The passage of two crucial Bills will boost sentiment but markets could slide again owing to conditions in Europe and the US, notes Devangshu Datta.
The Budget session saw a limited win for the Bharatiya Janata Party (BJP). The Rajya Sabha (where the BJP is in a minority) passed two key Bills that should contribute to mining reforms.
The Coal Mines (Special Provisions) Act, 2015, legitimises e-auctions of captive coal blocks, although that has run into controversy with charges of cartelisation.
The Mineral Development and Regulation Act 2015 also passed and that should enable change across the broader mining space. The land acquisition ordinance and the insurance ordinance did not pass.
While the passage of those two Bills will boost sentiments, the massive retrospective tax demands on Cairn India and Cairn Energy are a dampener, contradicting Arun Jaitley's assurances in July 2014 about not making retrospective demands.
Apart from this, the new anti-hawala black money Bill, or the Undisclosed Foreign Income and Assets (Imposition of New Tax) Bill to give it the proper name, contains draconian provisions, which may also have a negative impact on sentiment.
Meanwhile, the US Federal Reserve publicly lost patience and threatened to start displaying signs of active impatience in June.
That is, the American central bank removed a pledge to be "patient" after the meeting of the Federal Open Market Committee that ended on March 18. If the strong US recovery continues, the Fed may raise US policy interest rates at its mid-year policy meeting in June.
The next scheduled meeting of the FOMC in late-April is very likely to be marked by market volatility as traders await more clarification.
A rate hike is not guaranteed. Gross domestic product (GDP) growth and job creation is strong. But growth and core inflation forecasts were downgraded, and housing starts numbers are weak.
Retail sales were negative in February for the third successive month. Inflation is also below the Fed's target. The FOMC cut its estimates for the policy rate by end-2015. This could mean tightening won't occur, in June at least.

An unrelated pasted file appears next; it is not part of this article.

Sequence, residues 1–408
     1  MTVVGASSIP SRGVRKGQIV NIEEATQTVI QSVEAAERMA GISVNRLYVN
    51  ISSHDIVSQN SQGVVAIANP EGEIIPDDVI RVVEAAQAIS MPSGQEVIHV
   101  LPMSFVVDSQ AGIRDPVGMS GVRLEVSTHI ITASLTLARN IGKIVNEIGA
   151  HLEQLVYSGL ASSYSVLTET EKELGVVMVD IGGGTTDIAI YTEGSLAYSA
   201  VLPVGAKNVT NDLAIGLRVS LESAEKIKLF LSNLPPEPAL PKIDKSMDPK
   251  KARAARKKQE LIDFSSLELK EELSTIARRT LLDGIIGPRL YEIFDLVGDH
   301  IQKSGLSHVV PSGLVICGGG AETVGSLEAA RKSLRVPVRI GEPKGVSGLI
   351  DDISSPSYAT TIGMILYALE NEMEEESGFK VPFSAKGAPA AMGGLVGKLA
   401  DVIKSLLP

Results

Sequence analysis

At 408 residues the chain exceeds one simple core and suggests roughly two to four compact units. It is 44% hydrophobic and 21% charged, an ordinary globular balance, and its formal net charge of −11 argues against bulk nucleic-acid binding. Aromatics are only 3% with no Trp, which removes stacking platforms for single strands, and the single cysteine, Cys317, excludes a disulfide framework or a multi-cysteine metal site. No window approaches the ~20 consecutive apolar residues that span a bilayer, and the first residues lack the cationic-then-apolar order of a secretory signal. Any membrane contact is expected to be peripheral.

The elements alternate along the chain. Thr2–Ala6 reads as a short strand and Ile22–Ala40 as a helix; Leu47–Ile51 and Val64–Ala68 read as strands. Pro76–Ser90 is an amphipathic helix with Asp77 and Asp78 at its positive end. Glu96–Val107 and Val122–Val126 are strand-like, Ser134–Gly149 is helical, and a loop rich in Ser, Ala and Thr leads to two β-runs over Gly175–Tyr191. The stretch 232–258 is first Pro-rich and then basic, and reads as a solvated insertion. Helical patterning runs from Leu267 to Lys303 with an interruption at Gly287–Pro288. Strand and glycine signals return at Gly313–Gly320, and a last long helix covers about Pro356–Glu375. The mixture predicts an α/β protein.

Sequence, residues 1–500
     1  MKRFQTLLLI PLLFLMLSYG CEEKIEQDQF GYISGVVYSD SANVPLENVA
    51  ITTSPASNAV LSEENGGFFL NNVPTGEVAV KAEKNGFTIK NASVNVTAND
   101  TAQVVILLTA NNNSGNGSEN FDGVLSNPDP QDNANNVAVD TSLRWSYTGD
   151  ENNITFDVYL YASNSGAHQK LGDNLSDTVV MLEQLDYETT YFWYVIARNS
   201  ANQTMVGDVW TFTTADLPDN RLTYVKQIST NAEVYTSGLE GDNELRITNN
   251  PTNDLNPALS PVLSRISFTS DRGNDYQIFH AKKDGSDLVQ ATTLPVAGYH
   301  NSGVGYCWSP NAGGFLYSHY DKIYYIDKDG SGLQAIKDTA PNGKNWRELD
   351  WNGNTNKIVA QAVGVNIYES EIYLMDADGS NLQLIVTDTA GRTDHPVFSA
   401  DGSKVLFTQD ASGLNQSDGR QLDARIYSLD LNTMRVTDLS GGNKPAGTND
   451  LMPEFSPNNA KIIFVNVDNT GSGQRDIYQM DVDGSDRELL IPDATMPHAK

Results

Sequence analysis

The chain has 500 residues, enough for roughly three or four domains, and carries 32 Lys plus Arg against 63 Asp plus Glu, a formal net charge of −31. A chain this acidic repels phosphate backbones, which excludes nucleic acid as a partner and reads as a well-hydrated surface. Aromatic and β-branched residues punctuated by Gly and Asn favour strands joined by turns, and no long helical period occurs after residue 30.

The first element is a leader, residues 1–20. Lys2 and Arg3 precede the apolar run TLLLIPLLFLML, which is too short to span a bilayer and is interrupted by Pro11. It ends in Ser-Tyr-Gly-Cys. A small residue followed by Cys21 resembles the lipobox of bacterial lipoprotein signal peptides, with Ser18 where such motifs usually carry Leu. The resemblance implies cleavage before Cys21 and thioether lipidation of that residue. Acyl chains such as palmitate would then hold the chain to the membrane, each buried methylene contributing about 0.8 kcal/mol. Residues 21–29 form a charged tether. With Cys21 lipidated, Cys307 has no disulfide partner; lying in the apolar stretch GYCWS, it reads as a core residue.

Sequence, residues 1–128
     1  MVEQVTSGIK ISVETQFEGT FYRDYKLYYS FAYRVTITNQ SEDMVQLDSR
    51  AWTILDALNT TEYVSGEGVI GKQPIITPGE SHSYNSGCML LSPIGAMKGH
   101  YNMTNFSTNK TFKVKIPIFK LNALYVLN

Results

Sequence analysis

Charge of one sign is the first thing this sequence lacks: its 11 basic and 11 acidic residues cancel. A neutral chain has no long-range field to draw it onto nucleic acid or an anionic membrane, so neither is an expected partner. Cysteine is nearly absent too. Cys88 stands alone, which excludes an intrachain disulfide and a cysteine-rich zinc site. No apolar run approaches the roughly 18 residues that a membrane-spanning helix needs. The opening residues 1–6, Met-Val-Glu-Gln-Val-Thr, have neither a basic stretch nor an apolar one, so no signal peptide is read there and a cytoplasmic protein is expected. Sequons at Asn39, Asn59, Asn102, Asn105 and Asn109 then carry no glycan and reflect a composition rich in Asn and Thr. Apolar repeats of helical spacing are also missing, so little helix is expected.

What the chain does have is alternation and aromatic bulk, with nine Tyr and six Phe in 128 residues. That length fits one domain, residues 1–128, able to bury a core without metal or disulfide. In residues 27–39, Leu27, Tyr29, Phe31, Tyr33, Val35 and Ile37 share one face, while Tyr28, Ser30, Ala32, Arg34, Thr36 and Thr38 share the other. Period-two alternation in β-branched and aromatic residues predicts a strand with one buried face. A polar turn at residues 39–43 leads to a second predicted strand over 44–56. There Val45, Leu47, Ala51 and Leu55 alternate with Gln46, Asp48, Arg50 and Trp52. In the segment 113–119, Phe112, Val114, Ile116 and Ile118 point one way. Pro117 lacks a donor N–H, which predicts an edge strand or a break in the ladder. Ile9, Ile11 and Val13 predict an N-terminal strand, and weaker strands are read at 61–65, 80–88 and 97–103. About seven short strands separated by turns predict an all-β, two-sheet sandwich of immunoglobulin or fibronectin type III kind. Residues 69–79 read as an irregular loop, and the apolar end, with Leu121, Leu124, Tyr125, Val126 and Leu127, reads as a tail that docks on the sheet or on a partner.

Fed Chairperson, Janet Yellen, also admitted to concern about the strength of the US dollar, which hit new 12-year highs as the European Central Bank (ECB) embarked on its massive euro trillion bond-buying programme. The euro may be plummeting towards 1:1 parity versus the dollar. In fact, Goldman Sachs has projected that the euro will slide to $0.80 by 2017.
Most European equity and bond markets rallied through the launch of the ECB's quantitative expansion. European equities have seen $42 billion of inflows since January . There are fears, however, that Greece could spoil the party.
The other issue is strange. The ECB bought bonds worth euro 10 billion in the first three days and this pushed many yields into negative territory.
The Scandinavian central banks and the Swiss have also set negative rates. What happens if large swathes of west European debt go negative yield?
Meanwhile, in China, the People's Bank of China has opened the money supply tap, encouraging credit disbursals in volumes not seen for the last six years.
This is part of a stimulus programme to revive an economy where the GDP growth rate is slowing to 25-year lows. Sundry local governments across China are also trying to swap municipal debt into lower interest instruments.
China's housing market is under pressure with real estate prices declining. Realty developer, Kaisa has technically defaulted on overseas debt of $2.5 billion, which it is now trying to desperately restructure. If it's unsuccessful, there could be very nasty knock-on repercussions.
The Indian markets spiralled into correction mode. There was an initial bounce after the FOMC meet. But that was unsustainable. The Nifty has lost 6 per cent since it hit record highs post-Budget. FIIs remain net buyers. But domestic investors have sold through March.
The rupee did rally against the dollar through the past five sessions. There could be renewed pressure on dollar-rupee next week as oil-marketing public sector undertakings source end-of-month crude.
Meanwhile, Jayant Sinha released specific estimates of some disinvestments. The government hopes to raise Rs 22,574 crore from selling stakes in ONGC, (Rs 13,217 crore for 5 per cent), NMDC (Rs 5,038 crore for 10 per cent), BHEL (Rs 3,129 crore, 5 per cent) and Nalco (Rs 1,190 crore, 10 per cent). The disinvestment revenue target is Rs 69,500 crore for 2015-16.
If the market continues to slide, those estimates will need to be reviewed down. The last big bottom for the Nifty was at 7,960 (December 17, 2014).
The 200-day moving average (seen as a good support for a bull market) is near 8,137. There could be cause for worry if the market drops to those levels again. Or, of course, long-term investors might view that as a buying opportunity.